Merged incremental backups allow you to take a backup once (and only once...ever), and then always apply incrementals to that backup to keep it up to date.  Its the fastest way to do backups, and its Oracle recommended backup methodology.  More importantly when the time comes to do a restore, for example a restore of a datafile, instead of restoring the file from tape or disk, you go into rman and say "switch file 5 to copy;"  Whatever archivelogs are needed to recover that datafile are applied and without even physically moving the backed up file, your database is back to 100%.  The backed up file is now the active file that your database is using.  While its up then, you can go through a procedure to fix the file in the original destination...but your uptime is maximized.  Obviously, when using Exadata, the features you depend on that normally come from the storage cells only work on things that are stored in the storage although "switching to copy" works, it isn't a practical option for Exadata when you aren't using the FRA. 

Originally, the recovery window was 4 hrs, so Oracle presented us a solution with 2 heads for a ZFS server with many spindles, 4 media servers and 28 LTO5's (sadly, the T10kc's won't be out in time for our purchase.)    After the business recovered from the sticker shock, the recovery window was increased to a more resonable 8 hrs.  Oracle then presented us a scaled down (cheaper) solution with 8 LTO5's and a single-headed 7420 with 48 spindles.

The ZFS server will have 2 trays of 24 2TB disks...which I'm told will be the bottleneck.  The single head on the 7420 can do 1.12GB/ unless the disks are *really* slow (around 50MB/s), or the ZFS overhead is extremely high...I think the head will be the bottleneck...but we'll see in testing.

In this design there were a lot of theoretical maximums used.  We've insisted the design be tested and benchmarked before we purchase it, so Oracle has been good enough to set up a similar set of hardware in their lab in Colorado to prove out the numbers we'll see for our recoveries.  If Exadata backups interest you...I highly recommend you read the new white paper that was published in the last few weeks on the topic at

Part 1:  

Part 2:  


  1. what's wrong with using incremental merge strategy on zfs and than just doing the restore back to the storage cells when you need it.

    The "switch" trick is only temporary anyone. I don't imagine people are going to run with their data files living in the FRA diskgroup for very long, so why not get the benefits of incremental merge and plan on the RTO including the restore from ZFS back to the cells.

  2. This is a great I said, it was my preference to do it that way. The problem comes down to performance needs for the RTO and the fact that we're required to have 7 days on disk.

    In order to have 7 days on disk if we were doing merged incrementals we'd have to have 20TB, plus ~1-2TB/day of incrementals (non-cumulative), so say 30TB. We have 4 environments, so that would be 120TB...and we only have a little less than 96TB of usable ZFS storage. But, we could probably get past that issue by using ZFS compression.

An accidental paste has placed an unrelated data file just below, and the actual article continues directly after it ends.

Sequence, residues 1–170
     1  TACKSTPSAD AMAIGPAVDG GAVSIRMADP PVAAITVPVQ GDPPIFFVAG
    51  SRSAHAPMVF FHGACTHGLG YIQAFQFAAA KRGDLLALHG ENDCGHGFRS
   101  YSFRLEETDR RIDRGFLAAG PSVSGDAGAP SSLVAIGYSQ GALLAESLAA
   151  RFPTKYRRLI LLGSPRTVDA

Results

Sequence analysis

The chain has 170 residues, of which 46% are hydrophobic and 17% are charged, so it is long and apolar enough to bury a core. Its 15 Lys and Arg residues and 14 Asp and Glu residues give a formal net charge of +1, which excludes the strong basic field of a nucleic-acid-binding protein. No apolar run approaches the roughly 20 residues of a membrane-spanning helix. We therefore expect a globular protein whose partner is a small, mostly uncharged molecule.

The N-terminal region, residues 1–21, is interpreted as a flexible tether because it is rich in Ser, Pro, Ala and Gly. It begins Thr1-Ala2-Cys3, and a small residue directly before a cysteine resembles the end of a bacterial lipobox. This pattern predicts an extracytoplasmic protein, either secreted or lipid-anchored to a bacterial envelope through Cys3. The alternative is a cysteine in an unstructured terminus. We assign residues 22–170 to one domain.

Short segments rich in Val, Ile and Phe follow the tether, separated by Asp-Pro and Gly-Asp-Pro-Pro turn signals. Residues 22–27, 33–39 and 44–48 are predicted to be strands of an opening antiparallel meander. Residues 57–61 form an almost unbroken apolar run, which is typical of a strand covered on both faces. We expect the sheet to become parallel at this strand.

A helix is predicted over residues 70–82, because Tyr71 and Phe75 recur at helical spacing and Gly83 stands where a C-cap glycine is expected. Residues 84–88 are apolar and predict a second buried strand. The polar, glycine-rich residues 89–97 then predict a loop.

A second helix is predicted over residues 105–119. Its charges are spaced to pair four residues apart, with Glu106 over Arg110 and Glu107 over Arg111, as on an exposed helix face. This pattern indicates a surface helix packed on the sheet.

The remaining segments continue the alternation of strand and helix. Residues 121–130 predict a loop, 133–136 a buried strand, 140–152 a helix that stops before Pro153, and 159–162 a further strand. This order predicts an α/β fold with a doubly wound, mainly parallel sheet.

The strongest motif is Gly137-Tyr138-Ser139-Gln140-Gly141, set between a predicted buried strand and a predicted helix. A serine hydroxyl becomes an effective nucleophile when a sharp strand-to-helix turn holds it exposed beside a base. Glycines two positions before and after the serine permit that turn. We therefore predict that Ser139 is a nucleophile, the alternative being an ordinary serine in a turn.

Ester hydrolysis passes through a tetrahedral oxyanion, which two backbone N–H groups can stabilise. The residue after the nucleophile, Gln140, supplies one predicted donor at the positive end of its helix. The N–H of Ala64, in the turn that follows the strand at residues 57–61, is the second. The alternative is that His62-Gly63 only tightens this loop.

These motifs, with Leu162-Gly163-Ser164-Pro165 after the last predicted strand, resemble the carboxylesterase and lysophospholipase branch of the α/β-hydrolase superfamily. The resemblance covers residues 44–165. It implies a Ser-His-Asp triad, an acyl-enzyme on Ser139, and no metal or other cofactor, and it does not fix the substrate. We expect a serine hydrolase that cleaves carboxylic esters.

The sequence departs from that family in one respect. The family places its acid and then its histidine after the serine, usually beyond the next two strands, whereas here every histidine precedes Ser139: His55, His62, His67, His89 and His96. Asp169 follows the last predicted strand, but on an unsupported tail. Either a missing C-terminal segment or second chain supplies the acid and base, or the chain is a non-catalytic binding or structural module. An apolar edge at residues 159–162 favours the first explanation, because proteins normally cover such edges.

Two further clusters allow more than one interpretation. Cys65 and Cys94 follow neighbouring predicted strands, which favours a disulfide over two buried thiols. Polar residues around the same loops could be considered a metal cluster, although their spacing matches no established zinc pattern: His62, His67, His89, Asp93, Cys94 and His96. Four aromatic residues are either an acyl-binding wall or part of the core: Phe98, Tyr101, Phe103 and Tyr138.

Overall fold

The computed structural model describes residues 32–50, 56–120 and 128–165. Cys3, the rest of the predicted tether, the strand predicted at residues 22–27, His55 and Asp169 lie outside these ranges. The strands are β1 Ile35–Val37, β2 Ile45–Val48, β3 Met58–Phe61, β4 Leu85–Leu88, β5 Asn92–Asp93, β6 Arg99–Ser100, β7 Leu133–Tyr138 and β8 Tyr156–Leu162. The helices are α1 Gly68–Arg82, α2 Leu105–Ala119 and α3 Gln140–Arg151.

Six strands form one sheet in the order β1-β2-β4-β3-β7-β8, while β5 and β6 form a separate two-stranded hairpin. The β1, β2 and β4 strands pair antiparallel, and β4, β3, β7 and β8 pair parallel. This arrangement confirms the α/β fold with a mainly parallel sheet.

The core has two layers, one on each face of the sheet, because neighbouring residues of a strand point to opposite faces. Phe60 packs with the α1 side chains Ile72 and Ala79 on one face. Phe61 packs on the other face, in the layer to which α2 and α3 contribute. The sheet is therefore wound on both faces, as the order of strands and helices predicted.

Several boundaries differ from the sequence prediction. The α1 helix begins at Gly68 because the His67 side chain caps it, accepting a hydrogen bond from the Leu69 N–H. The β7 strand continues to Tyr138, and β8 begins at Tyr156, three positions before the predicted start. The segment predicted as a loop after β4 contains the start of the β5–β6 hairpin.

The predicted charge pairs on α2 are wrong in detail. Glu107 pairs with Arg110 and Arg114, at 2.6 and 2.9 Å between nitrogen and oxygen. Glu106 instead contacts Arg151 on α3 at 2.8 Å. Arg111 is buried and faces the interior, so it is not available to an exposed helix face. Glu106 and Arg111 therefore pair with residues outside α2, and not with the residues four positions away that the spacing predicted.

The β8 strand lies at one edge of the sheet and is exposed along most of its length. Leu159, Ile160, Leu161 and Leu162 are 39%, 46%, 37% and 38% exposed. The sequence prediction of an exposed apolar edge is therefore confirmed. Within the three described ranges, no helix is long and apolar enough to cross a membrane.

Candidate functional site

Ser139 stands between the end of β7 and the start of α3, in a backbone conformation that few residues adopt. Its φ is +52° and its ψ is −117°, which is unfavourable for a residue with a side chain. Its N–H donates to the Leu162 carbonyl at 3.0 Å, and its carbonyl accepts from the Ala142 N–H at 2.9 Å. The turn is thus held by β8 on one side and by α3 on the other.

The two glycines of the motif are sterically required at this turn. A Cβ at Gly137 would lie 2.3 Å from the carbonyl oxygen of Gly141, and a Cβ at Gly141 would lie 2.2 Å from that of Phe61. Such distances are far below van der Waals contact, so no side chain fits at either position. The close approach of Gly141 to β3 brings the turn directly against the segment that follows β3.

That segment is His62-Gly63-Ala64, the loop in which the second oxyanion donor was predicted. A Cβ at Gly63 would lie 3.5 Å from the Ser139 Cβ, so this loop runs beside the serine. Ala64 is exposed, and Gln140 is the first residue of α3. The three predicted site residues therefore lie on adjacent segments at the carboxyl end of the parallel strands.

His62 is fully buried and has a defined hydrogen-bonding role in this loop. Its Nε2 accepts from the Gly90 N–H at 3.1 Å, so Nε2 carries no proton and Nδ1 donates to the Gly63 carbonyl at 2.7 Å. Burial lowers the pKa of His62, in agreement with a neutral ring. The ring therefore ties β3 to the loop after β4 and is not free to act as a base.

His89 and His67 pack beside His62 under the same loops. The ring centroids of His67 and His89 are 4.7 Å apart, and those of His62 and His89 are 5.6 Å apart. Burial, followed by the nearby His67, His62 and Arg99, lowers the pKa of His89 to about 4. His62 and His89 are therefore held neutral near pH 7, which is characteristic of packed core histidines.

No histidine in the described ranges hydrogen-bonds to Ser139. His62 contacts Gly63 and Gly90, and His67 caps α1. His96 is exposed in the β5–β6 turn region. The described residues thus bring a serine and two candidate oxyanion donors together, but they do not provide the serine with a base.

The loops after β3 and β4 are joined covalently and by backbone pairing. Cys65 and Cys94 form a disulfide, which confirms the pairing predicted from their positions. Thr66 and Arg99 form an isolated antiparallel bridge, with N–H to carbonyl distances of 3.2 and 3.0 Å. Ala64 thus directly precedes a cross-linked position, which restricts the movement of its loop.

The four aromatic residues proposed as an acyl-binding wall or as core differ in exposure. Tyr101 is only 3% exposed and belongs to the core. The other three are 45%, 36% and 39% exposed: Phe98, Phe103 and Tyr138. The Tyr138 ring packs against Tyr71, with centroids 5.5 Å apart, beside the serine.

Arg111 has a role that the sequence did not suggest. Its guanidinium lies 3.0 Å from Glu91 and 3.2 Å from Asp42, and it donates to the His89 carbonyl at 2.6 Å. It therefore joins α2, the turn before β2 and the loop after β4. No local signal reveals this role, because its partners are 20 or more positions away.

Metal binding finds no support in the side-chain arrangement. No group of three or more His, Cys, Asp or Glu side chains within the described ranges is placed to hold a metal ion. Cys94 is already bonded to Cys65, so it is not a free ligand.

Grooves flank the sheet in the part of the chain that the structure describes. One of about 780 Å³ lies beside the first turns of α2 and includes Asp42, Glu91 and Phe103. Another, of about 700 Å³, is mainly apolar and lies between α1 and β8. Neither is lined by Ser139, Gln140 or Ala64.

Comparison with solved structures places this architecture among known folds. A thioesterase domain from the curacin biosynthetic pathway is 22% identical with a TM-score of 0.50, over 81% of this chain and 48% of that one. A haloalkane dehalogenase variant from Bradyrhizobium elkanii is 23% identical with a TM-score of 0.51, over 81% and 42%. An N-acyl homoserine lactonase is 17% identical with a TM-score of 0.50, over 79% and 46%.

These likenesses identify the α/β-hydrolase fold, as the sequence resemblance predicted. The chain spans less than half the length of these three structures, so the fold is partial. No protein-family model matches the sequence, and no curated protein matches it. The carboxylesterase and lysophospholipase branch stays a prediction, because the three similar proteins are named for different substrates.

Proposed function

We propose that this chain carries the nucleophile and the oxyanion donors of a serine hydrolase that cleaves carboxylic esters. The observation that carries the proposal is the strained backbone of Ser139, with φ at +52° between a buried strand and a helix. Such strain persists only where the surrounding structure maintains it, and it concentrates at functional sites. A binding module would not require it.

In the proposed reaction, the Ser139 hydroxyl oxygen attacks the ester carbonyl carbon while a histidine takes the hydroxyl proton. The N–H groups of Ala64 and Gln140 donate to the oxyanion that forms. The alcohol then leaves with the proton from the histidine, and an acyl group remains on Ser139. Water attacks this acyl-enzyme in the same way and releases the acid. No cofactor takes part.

In my latest post, I showed some of the performance results from testing. If we used ZFS compression instead of rman compression, ignoring overhead from ZFS decompression, we'd be limited by the single head throughput of the 7420 of ~1.21GB/s. So, since we have the "7 days on ZFS" requirement, we'd have to restore the full and then merge (worst case scenario) 6 incrementals to it.

    With a merged incremental full (20TB) and then 6 non-cumulative incrementals (~10TB):
    30TB=30,720GB, at 1.21GB/s=7.05 hrs, plus 4 hrs for archivelog we wouldn't be able to hit the RTO.

    With compressed 20TB Lev 0 and 6TB Lev 1 cumulative:
    26TB=26,624GB, at 3.11GB/s=2.38 hrs (due to decompression happening after it passes the 1.21GB/s 7420 head bottleneck. There was only ~754MB/s transferring at that point from ZFS over IB to the compute nodes. When it got to the compute nodes it decompressed at 3187MB/s. RMAN compression made it actually faster.)

    If we didn't have the "7 days on ZFS" requirement, it would take 4.7 hrs to move the 20TB uncompressed image backup to Exadata, which wouldn't give us enough time to apply the archivelogs to meet the 8 hr RTO.

    I really wanted merged incrementals to work...I just couldn't get the numbers to match our requirements. I played with the idea of doing multiple incrementals per day to reduce the number of archivelogs we'd need to apply, but then we'd be copying more from ZFS. We'd be applying fewer archivelogs, but I couldn't get the savings in redo apply time to make up for the cost in zfs transfer time.

    If we had 2 heads on the ZFS, I bet this would have worked in about 3.5 hrs which would have let us hit the RTO. But that's not going to happen for about 3 years, and by then the db will have grown.

    Sorry for the delayed response to your question, I've been very busy with testing the tape performance numbers.

  3. that's really awesome...thanks for giving informative post.
    android data recovery pro full